1. Describe this graph and explain what it might mean for the oxygen-carrying capacity of red blood cells.
This is a question based on A-level biology knowledge. Remember to talk through everything that is going on in your head. So let’s start off with the basics and just describe the graph….
This is a graph of a ‘human red blood cell oxygen dissociation curve’. It shows that as partial pressure of oxygen increases, the % oxygen saturation of the red blood cell increases. Importantly, at low partial pressures of oxygen, the gradient of the graph is shallow, whereas as partial pressures of oxygen increase the % saturation of the red blood cell is higher.
This is important because it represents that oxygen carrying capacity of red blood cells is cooperative, due to changes in haemoglobin structure that allow increased oxygen uptake in locations with high partial pressure. This allows red blood cells to take up oxygen more efficiently at the lungs where partial pressure of oxygen is high, and to release oxygen at other tissues where partial pressures of oxygen are low.
Why might a change in shape of the red blood cells in sickle cell disease lead to ‘sickle cell crises’ where there is loss of blood supply to organs?
As before, let’s just describe the diagram below. On the left we can see a normal red blood cell which has a biconcave shape. On the right we can see a sickle red blood cell, which has a distorted shape. You might hypothesise that the altered shape means the red blood cells have reduced oxygen carrying capacity causing reduced oxygen saturation of the blood leading to these crises. Your interviewer here might propose that this is true but doesn’t fully explain why there is reduced perfusion to organs in sickle cell disease. This is a time where you might need to stretch your thinking. You could guess from the distorted shape of the sickle cells that they are more likely to clump together. This could form aggregates of red blood cells. These could block blood vessels, which could reduce perfusion to organs.
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For further information on interview questions, see http://www.ox.ac.uk/admissions/undergraduate/applying-to-oxford/guide/interviews.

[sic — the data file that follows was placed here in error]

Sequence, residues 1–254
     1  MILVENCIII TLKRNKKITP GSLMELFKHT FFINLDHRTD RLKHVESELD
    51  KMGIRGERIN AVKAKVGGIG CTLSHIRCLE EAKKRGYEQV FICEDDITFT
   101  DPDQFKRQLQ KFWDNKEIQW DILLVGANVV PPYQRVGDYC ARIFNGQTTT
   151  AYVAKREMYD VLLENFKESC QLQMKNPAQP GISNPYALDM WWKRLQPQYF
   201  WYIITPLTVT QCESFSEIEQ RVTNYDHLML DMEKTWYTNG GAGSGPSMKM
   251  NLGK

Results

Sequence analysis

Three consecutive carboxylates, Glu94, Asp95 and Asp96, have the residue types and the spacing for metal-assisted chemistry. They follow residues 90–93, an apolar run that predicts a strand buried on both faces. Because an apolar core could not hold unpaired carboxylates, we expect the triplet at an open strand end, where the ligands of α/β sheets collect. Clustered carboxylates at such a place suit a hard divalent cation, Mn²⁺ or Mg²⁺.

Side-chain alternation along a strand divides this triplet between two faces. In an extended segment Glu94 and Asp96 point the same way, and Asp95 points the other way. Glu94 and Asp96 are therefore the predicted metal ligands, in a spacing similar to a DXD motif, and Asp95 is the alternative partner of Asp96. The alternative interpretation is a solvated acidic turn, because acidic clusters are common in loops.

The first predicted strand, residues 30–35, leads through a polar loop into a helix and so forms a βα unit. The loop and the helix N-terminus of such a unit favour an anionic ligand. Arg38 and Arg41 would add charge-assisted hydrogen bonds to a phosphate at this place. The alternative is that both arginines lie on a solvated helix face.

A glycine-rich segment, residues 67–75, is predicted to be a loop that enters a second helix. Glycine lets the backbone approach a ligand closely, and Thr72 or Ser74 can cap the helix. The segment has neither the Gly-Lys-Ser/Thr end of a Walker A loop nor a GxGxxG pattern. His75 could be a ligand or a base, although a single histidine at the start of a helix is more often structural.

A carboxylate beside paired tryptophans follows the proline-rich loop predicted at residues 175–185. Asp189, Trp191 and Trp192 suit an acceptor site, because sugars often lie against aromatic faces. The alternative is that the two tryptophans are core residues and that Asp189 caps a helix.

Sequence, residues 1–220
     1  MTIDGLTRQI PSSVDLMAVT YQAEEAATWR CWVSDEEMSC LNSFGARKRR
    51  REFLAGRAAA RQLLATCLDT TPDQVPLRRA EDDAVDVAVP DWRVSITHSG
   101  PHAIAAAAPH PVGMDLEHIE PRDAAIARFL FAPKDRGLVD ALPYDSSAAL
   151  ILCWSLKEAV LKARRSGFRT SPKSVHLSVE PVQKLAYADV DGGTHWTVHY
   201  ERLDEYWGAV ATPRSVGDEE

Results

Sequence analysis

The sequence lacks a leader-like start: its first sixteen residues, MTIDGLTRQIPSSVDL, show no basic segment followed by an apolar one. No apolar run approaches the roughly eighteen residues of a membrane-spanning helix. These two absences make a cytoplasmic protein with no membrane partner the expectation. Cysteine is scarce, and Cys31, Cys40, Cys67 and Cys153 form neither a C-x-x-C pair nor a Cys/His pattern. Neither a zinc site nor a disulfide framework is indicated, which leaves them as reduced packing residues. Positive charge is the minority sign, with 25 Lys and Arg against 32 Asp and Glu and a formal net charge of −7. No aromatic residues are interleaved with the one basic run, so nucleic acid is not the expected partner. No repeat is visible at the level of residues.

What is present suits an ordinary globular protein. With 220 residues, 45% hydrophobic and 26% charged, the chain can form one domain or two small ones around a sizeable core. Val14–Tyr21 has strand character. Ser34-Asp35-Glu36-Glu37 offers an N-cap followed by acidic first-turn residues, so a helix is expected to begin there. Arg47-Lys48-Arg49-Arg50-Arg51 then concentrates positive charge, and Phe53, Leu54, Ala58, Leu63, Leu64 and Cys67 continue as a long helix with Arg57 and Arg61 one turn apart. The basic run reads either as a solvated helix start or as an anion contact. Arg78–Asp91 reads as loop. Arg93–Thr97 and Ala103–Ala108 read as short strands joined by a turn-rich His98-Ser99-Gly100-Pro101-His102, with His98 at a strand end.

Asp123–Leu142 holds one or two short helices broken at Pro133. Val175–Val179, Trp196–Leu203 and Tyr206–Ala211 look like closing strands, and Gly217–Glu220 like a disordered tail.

How should I prepare?
As above, the key to doing well in your interviews is to talk through every step in your thinking. Get used to this – it might be helpful to arrange mock interviews with teachers at school. UniAdmissions also offers a package to maximise your ability to practise these kind of situations with tutors with an medicine interview package.
Brush up on your A-level Biology knowledge before the interview so you are best prepared to explain biological concepts. Make sure, as for any other interview, that you know your personal statement well including having a good understanding of any scientific and clinical concepts you have mentioned.
Finally, do read around the area of biomedical science outside of your A-levels, because demonstrating any extra knowledge will always be a good way to show your interest in this area – but ultimately most questions will have foundations in concepts you would have come across in school.
The Oxford medicine interview can seem intimidating but ultimately it is just a conversation, and a chance for you to display enthusiasm for this subject. Be engaged and keen to stretch your A-level knowledge, and don’t be afraid offer suggestions and hypotheses. It’s not about getting things right, just an opportunity to show you are keen to think laterally about situations in biomedical science.